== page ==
Not at Home in One's Home: Caribbean Self-fashioning in the Poetry of Luis Palés Matos, Aimé Césaire, and Derek Walcott
This study examines the work of three important 20th century Caribbean poets, focusing on one major work by each of them: Pales Matos' 'Tuntun de pasa y griferia' (Puerto Rico); Cesaire's 'Cahier d'un retour au pays natal' (Martinique), and Derek Walcott's 'Omeros' (St. Lucia).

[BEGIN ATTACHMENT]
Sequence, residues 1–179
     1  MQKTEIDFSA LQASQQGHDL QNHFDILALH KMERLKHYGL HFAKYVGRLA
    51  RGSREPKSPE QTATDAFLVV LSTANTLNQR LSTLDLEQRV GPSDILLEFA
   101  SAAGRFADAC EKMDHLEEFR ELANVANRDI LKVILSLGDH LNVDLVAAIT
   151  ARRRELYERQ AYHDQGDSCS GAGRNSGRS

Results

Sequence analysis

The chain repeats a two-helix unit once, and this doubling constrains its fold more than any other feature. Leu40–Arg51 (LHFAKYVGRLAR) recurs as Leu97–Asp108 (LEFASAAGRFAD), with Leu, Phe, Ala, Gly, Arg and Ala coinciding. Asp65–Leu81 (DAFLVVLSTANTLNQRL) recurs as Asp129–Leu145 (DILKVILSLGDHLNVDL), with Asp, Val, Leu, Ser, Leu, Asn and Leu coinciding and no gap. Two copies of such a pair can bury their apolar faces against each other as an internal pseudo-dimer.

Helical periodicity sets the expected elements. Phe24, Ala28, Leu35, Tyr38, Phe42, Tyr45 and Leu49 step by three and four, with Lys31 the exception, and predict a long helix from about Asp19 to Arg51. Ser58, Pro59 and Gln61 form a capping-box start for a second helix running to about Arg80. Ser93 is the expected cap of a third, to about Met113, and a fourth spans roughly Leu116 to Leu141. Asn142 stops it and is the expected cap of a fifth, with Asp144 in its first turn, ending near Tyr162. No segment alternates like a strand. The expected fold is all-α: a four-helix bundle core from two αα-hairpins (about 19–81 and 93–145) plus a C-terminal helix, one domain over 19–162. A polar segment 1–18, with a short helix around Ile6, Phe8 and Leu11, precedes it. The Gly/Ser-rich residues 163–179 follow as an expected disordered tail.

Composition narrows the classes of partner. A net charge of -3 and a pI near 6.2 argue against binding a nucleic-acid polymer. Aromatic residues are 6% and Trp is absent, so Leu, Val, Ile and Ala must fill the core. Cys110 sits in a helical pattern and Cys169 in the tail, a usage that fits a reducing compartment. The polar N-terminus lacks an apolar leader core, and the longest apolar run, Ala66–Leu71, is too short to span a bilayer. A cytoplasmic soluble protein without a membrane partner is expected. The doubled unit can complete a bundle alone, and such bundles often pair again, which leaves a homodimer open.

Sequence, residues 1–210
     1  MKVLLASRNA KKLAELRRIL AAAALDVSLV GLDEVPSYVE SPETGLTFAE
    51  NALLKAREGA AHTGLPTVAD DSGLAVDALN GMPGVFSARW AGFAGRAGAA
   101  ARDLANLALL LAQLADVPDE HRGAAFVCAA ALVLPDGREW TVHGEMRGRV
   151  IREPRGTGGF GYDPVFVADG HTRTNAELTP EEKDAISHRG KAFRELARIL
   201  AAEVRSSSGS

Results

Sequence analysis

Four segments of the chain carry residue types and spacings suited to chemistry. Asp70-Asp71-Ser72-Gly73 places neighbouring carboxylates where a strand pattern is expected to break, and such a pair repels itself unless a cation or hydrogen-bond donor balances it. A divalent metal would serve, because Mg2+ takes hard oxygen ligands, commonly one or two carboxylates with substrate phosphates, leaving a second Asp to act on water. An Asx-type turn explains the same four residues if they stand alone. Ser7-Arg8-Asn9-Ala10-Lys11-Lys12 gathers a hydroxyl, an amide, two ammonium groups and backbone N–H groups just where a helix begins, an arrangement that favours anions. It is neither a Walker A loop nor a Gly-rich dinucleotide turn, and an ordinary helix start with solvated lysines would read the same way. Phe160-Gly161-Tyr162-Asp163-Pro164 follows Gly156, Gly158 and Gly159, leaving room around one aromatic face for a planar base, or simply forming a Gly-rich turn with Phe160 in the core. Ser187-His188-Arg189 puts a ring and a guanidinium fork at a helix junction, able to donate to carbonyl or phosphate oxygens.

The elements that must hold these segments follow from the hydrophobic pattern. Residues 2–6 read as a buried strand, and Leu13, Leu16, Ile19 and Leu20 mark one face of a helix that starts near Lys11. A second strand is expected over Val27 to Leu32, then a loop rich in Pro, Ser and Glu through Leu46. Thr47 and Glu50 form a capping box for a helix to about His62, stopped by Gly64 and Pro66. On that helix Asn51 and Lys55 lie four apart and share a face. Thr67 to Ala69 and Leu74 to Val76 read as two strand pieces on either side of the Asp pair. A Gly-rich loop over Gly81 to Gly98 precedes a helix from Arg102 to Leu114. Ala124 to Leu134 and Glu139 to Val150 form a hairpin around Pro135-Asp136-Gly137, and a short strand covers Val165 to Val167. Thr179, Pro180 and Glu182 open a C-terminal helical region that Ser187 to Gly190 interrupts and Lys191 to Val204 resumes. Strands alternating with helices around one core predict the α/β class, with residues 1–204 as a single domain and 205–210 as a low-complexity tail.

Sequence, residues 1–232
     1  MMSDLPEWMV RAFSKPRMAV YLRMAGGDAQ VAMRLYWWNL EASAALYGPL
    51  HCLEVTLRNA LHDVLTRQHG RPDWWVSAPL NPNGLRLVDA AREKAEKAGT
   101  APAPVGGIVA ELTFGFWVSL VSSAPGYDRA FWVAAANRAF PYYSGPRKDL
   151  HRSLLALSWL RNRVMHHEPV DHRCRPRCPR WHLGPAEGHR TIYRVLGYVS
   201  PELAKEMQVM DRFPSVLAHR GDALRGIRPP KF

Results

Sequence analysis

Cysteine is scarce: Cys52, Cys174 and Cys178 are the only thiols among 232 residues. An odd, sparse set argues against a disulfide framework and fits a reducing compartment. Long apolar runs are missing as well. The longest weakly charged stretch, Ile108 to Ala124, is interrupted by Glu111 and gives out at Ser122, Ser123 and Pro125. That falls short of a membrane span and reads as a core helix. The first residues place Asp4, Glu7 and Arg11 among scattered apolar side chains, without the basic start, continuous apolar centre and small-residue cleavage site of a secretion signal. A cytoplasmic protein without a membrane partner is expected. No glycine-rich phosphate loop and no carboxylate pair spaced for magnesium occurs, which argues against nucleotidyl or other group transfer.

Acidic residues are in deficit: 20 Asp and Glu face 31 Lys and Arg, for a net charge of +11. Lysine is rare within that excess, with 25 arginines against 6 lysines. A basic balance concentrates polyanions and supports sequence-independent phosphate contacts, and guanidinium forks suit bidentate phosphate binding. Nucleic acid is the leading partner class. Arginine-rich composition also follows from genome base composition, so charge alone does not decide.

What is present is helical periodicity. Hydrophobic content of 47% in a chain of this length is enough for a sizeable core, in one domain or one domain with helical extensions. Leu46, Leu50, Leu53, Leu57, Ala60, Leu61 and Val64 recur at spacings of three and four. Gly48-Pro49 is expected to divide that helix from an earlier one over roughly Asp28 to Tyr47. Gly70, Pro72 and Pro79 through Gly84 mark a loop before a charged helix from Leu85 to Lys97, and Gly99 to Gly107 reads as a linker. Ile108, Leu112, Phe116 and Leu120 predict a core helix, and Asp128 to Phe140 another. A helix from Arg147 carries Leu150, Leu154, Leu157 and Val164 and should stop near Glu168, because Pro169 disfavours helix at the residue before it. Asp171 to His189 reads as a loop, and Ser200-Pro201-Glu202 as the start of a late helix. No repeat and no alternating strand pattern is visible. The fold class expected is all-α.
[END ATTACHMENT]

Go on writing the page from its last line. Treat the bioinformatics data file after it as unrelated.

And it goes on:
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Achille Achille's aesthetic African Afro-Caribbean Aime Cesaire alienation ambiguous anticolonial articulation attempts becomes black race c'est Cahier d'un retour Carib Caribbean intellectual Caribbean poet celebration certainly Cesaire's character claim colo colonial condition colonial difference colonizer's Confiant confront context creolization critics culture dance debout defend Derek Walcott detour distance Edouard Glissant epic epistemic violence ethical European explicitly fact Fanon filiation gesture Helen identity imperial important island Luis Pales Matos lyric Martinican Martinique metaphor Middle Passage mimicry mulata narrative narrator native land negritude nostalgia Omeros opacity Pales's Pales's poetry paradoxical pasa y griferia pays natal perspective petit matin Philoctete Plunkett poem poem's poet poet's poetic subject poetics of relation political position postcolonial Puerto Rico question racism regarded remains resistance rhetoric rhythms ribbean role Sartre space strategy subaltern Tembandumba tensions tion TOUSSAINT LOUVERTURE Tuntiin de pasa Tuntun University Press V. S. Naipaul voice woman writers